Geraldine DeRuiter, aka The Everywhereist, experienced fine dining at its worst: “A 27-course meal which spanned four-and-a-half hours and made me feel like I was a character in a Dickensian novel. Because — I cannot impart this enough — there was nothing even close to an actual meal served. Some “courses” were slivers of edible paper. Some were shot glasses of vinegar. Everything tasted like fish, even the non-fish courses. And nearly everything, including these noodles, which was by far the most substantial dish we had, was served cold. Even forearmed with this overall description, some of the individual moments in the meal play like (bad) theatrical surprises: “These are made with rancid ricotta,” the server said, a tiny fried cheese ball in front of each of us. Another course — a citrus foam — was served in a plaster cast of the chef’s mouth. Absent utensils, we were told to lick it out of the chef’s mouth in a scene that I’m pretty sure was stolen from an eastern European horror film. Not just bad. Memorably bad. Award-winningly bad. Which is, as DeRuiter writes, is something of an achievement in itself.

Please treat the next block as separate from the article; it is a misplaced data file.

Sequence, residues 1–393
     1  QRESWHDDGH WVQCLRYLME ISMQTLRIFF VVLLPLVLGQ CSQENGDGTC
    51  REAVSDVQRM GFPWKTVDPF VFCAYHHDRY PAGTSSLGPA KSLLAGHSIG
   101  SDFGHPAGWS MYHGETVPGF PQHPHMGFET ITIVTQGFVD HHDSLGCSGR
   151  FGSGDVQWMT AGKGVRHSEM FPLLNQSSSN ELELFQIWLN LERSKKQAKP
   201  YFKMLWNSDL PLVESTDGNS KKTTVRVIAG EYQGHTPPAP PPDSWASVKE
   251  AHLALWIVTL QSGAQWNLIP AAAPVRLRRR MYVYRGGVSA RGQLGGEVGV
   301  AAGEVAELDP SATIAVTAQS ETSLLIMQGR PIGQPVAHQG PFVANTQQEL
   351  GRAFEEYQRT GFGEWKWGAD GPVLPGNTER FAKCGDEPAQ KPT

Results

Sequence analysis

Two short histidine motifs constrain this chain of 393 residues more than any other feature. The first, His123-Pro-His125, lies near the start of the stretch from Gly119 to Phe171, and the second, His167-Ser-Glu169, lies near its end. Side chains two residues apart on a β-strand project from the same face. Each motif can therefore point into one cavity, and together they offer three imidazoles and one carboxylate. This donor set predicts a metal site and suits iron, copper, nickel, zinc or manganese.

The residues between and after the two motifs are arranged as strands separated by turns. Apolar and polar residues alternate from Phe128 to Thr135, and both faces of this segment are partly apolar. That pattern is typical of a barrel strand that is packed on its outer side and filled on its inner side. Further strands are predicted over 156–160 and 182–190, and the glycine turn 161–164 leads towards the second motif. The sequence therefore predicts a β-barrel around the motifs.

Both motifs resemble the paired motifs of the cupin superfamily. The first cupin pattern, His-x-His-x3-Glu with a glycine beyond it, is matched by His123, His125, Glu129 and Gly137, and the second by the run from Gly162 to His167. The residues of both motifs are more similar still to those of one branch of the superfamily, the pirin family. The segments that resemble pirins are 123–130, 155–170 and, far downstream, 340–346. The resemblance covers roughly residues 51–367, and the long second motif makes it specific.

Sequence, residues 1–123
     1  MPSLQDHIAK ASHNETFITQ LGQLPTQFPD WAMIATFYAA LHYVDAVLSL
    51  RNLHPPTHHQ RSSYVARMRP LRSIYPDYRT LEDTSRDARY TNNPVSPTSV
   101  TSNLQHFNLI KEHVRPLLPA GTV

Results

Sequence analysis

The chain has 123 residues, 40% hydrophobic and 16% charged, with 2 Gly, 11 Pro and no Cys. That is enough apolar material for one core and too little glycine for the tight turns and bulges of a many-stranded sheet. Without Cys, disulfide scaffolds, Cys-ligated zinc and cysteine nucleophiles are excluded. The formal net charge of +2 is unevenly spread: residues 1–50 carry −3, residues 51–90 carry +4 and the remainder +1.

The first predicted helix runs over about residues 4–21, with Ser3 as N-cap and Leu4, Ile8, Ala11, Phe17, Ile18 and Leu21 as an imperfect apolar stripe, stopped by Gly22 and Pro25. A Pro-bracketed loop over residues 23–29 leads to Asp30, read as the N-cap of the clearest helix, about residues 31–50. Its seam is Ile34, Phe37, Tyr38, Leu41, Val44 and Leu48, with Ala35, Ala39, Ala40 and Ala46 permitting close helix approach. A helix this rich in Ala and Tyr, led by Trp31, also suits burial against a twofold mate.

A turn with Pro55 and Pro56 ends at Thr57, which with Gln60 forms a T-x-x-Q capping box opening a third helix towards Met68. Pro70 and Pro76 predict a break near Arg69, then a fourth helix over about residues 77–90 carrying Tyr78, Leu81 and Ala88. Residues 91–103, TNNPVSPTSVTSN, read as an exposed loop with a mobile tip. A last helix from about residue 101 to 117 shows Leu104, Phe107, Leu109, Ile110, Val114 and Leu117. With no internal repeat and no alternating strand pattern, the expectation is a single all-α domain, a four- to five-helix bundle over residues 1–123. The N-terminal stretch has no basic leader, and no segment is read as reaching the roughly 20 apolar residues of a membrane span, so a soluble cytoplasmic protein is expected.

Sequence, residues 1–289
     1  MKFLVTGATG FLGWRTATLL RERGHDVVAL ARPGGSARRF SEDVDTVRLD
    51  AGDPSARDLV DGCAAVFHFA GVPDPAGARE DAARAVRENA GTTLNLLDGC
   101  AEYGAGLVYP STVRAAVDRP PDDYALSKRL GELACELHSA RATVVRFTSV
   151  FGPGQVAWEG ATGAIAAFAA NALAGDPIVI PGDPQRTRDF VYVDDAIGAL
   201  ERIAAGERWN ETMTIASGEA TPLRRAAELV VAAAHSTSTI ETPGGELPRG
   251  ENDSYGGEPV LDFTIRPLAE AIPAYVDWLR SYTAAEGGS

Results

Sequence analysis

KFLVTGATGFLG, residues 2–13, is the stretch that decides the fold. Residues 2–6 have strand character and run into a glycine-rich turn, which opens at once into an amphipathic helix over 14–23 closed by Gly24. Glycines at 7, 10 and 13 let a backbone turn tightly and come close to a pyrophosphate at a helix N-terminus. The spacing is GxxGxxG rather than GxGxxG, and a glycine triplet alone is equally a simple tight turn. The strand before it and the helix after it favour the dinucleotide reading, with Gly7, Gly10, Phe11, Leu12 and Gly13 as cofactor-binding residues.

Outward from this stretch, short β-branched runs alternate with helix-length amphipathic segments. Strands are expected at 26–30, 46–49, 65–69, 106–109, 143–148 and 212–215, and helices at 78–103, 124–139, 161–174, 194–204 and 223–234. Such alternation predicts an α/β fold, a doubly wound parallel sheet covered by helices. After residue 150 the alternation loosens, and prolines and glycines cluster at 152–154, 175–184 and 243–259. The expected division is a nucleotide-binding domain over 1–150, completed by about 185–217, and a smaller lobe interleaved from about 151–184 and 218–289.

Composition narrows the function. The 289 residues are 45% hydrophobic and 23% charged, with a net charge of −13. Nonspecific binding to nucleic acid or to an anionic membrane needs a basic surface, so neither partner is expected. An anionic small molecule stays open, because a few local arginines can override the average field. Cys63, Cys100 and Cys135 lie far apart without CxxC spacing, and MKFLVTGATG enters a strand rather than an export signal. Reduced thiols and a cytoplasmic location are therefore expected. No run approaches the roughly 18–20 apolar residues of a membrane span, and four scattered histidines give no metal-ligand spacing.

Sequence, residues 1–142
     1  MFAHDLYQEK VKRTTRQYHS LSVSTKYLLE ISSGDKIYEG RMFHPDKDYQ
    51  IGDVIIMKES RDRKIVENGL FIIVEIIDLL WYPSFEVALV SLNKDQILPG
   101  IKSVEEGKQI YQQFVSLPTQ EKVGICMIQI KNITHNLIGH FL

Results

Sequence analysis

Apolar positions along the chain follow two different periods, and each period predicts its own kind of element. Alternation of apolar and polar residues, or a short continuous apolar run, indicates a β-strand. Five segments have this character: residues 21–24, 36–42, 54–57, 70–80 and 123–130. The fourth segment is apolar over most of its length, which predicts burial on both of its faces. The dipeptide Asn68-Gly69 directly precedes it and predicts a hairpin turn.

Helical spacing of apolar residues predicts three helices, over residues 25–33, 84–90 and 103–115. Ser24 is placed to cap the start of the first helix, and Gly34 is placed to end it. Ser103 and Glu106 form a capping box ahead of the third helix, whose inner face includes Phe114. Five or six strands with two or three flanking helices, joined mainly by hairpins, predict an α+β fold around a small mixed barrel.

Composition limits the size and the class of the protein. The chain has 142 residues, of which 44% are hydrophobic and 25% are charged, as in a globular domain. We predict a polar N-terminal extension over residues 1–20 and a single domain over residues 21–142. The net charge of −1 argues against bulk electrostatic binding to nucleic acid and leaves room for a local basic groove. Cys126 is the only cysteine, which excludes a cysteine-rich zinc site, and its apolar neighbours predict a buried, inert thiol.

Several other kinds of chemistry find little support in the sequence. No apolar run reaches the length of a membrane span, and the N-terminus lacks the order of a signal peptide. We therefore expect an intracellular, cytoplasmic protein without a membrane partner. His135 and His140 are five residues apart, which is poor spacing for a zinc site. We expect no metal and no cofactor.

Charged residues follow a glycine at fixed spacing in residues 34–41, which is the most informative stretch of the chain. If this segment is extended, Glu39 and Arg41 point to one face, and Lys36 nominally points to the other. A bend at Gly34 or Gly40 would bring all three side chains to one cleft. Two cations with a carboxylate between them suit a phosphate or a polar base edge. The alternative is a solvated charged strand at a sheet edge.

Feel about life like this Daschund
Driving test nostalgia
Fiona Downes of Hobsonville writes: “I was a tiny 15-year-old in 1956 when I went for my licence in the family car, an Austin 10. In those days cars were not very “adjustable” so I drove sitting on a cushion, peering through the steering wheel arch.However, this didn’t seem to faze the testing officer so we set off, going through all the required routines, until we came to the backing section. After asking me to reverse back up the street and around the corner he nearly wet himself when I proceeded to do so by looking in the reversing mirror! I had to explain that if I turned around to look through the back window my feet couldn’t reach the pedals! I managed to complete the task successfully and we returned to the office.”
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